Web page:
Finally! Now you don’t have to wait for your computer to start glitching out – you can make it happen yourself, with this inexpensive Max for Live device.

Okay, so technically what we’re talking about is a “stockastic sample freezing effect.” Since it’s a Max for Live Device, you can drop its audio-munching powers on any track you want, making for glitched out percussion, vocals, or whatever you like. But if you’ve ever watched a computer melt down and listened to the resulting sounds and thought, “hey, actually, I could use that” – this is for you.

The reason it matches a BSOD is, computer stability issues cause the digital audio buffer to “freeze” on particular sounds rather than continue to process buffered audio normally. (Digital audio systems give the illusion of running in real time, without losing a continuous stream of audio, by dividing digital audio into chunks and feeding those chunks in sequence to the audio card… so that if the machine falls behind a few samples, you won’t notice.)

This creation is the second Max for Live invention from Isotonik Studios today – happy Valentine’s Day, y’all – and carries the price of €9.52. For that, you get some control over the effect – especially since it isn’t actually crashing your machine. The developers describe the parameters as follows:

Freeze: control the gate frequency in time signatures
Width: make the gating wider or tighter
Dry/Wet: master dry/wet control

And all of this is MIDI-controllable.

If you want to live more dangerously, the classic Smart Electronix effect Buffer Override actually does screw around with your machine. The work of developer Sophia Poirier, this is the opposite of what would normally constitute a stable plug-in. The idea: it “overcomes your host app’s audio processing buffer size and then (unsuccessfully) overrides that new buffer size to be a smaller buffer size.”

Beware, as that will actually cause some hosts to, you know, crash. But Buffer Override is free. (Well, it’d be a bit strange to charge for that!)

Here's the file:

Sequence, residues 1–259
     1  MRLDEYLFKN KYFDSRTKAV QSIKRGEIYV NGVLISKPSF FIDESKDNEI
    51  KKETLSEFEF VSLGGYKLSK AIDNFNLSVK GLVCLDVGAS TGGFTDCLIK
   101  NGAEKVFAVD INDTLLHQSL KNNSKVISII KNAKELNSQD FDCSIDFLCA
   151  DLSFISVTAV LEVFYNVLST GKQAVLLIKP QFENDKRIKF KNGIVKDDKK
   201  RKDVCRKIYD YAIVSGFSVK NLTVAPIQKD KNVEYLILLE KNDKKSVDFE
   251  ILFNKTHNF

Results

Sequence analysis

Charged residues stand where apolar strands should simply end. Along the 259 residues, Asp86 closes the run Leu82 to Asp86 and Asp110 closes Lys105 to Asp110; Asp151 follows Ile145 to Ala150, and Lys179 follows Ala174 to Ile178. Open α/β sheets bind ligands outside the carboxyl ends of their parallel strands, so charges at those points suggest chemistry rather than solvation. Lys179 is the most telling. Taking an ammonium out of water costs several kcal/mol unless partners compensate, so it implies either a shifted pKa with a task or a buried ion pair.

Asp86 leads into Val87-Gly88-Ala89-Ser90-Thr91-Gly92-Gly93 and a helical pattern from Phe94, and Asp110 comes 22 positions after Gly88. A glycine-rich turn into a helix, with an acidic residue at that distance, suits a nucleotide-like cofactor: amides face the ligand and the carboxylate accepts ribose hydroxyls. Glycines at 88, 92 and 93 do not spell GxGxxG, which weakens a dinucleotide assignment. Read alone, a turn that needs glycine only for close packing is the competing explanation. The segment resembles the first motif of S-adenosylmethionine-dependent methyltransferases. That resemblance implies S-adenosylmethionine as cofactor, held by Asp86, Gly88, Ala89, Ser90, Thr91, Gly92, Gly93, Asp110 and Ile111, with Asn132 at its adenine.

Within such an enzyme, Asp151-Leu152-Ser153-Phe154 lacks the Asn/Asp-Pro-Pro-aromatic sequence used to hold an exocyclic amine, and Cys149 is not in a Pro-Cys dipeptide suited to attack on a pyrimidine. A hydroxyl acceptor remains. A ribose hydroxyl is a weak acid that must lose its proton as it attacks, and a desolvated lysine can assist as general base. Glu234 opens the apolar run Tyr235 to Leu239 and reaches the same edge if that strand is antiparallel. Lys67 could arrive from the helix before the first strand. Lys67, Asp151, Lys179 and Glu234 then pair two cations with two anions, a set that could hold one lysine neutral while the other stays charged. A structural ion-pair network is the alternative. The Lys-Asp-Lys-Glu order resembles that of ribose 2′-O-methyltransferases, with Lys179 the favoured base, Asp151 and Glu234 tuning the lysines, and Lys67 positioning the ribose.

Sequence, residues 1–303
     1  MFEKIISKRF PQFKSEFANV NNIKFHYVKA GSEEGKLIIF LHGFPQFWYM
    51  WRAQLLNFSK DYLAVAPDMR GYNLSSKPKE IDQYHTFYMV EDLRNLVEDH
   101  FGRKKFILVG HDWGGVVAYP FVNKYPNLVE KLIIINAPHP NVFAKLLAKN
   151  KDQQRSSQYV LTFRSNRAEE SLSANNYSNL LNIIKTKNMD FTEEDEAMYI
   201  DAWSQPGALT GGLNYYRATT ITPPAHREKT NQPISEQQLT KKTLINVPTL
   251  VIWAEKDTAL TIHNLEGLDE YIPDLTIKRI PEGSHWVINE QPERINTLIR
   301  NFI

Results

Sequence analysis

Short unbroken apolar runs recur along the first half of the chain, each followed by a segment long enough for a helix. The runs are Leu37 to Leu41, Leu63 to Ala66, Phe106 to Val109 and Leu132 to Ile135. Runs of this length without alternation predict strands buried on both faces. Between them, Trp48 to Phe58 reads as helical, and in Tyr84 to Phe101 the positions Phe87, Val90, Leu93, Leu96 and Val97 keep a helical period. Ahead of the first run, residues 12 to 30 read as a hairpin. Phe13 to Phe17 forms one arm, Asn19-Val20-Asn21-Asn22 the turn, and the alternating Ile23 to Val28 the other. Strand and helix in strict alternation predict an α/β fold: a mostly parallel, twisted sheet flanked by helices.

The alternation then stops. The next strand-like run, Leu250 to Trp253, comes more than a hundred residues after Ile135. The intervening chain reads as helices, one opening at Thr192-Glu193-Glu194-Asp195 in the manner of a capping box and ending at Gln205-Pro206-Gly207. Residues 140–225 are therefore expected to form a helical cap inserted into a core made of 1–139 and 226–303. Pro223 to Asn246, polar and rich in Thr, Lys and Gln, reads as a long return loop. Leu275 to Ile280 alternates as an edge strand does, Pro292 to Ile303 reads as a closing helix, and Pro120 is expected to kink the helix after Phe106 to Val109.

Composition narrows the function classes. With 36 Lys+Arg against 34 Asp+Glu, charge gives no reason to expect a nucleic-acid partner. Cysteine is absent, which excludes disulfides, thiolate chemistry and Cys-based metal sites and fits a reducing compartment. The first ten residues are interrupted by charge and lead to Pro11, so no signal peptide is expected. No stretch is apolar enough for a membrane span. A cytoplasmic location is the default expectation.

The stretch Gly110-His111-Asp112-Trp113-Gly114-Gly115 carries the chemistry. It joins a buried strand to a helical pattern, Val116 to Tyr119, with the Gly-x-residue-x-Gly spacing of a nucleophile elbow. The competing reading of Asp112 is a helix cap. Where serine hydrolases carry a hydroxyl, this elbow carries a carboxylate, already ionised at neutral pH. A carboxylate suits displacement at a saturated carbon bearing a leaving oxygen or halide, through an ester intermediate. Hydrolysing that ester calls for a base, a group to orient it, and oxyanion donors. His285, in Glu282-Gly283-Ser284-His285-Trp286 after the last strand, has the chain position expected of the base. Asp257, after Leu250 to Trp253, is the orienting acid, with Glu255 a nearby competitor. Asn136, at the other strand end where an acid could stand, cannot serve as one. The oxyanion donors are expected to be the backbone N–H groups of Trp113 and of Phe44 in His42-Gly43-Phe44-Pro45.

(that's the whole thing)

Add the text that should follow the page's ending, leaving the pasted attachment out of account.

For safer, more playable operation, you should stick to Isotonik Studios’ creation. Have at it:

  • chaircrusher

    Buffer Override is one of my favorite old-timey VST effects!

    And no, it doesn’t actually crash your machine, or at least it never did mine.

    • chaircrusher

      It also isn’t available 64 bit, though source code is available. I’d try to build it but I actively avoid software development on my music machine.

  • ernceccodortona

    Hi, I’m the BSOD developer, Ernesto Cecco D’Ortona: first off BSOD is a StrangeLines product, being distributed by Isotonik Studios. Lastly BSOD doesn’t crash anything, it just ryhtmically freezes a sample from the incoming signal. Have fun and follow

    • Baron Von Creepz

      The color is certinaly spot-on!

  • Samuel Holland

    I went to undergrad with Sophia Poirier while she was making the Smartelectronix stuff! The early 2000s were a heady time in South Florida… back when laptops were COOL to use live, and I would play live sets by lugging my tower PC around until I got one of my own! Thanks for posting Buffer Override, good stuff. I think she went on to work for Cycling 74, then I lost track.

    • Samuel Holland

      Oddly enough, BO never crashed Jeskola Buzz, which would crash all the time and had no auto-save or undo…

  • EricM

    Used to use Buffer Override quite a bit (many, many years ago) and it never crashed my computer, so don’t worry about trying it out.

  • disqus_nURY1n6kAG

    crazyivan.dll you cowards